Labour Market Implications of Promoting Women’s Participation in STEM in Australia

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Alfred Michael Dockery
Sherry Bawa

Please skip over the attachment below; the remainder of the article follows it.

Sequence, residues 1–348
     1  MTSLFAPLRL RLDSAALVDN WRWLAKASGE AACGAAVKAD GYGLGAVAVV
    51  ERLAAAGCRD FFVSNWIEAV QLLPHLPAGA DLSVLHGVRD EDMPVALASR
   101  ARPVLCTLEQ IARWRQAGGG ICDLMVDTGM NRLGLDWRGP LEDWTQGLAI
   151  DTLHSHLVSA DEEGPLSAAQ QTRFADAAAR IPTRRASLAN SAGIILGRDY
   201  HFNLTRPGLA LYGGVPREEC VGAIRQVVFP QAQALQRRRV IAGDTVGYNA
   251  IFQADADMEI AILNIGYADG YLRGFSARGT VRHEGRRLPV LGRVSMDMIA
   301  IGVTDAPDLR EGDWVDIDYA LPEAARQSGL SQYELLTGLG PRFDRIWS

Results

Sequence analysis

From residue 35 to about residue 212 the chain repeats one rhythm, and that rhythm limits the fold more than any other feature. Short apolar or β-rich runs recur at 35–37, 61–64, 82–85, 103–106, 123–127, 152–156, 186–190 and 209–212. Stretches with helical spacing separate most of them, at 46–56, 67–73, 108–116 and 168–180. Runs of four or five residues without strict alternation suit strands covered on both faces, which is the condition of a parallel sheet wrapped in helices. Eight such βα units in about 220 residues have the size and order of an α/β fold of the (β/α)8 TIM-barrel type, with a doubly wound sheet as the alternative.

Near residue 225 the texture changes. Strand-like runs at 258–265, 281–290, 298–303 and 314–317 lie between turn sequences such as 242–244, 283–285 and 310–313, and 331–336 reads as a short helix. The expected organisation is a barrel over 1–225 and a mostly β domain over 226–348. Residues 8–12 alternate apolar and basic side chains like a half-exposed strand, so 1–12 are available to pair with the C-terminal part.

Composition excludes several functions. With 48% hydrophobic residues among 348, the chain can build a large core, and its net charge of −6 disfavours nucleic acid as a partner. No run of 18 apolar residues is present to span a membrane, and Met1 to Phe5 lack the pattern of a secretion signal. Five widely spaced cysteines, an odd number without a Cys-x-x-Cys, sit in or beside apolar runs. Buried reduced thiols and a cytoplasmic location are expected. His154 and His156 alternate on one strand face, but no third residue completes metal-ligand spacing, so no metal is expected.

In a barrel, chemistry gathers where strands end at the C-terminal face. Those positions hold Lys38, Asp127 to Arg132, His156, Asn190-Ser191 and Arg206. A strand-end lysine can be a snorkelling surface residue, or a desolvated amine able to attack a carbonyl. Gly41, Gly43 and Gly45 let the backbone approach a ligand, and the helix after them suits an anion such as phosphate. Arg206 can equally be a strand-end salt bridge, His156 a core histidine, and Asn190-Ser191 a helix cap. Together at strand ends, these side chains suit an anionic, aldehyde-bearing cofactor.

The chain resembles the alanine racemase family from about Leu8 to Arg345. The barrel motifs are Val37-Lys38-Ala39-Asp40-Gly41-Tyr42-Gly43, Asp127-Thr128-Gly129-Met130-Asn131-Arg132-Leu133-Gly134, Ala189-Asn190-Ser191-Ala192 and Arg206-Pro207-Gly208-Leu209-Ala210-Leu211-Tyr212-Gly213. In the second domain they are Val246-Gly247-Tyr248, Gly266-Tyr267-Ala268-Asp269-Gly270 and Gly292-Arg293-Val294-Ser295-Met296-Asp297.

It is commonly argued that maintaining and enhancing Australia’s standard of living will require increasing the proportion of the population attaining university level qualifications in science, technology, engineering and mathematics (STEM). Accordingly, governments and universities have been proactive in encouraging women, who represent only around 30 per cent of Australians with STEM qualifications, to enter STEM courses. However, recent analyses of data from the Australian Graduate Survey found that female STEM graduates had relatively poor wage and job-match outcomes upon entering the labour market. This paper presents evidence on career outcomes for women with STEM degrees in Australia from Australian Bureau of Statistics Census data and panel data from the Household, Income and Labour Dynamics in Australia Survey (HILDA). The results provide further evidence that policies to promote female participation in STEM need to be accompanied by measures to address career barriers they face in the labour market. Women who gain STEM qualifications have lower labour market participation rates, higher unemployment rates, are relatively dissatisfied with their employment opportunities and with the extent to which their skills are utilised in their jobs compared to women with other tertiary qualifications. They also face a larger wage gap relative to men with equivalent qualifications.

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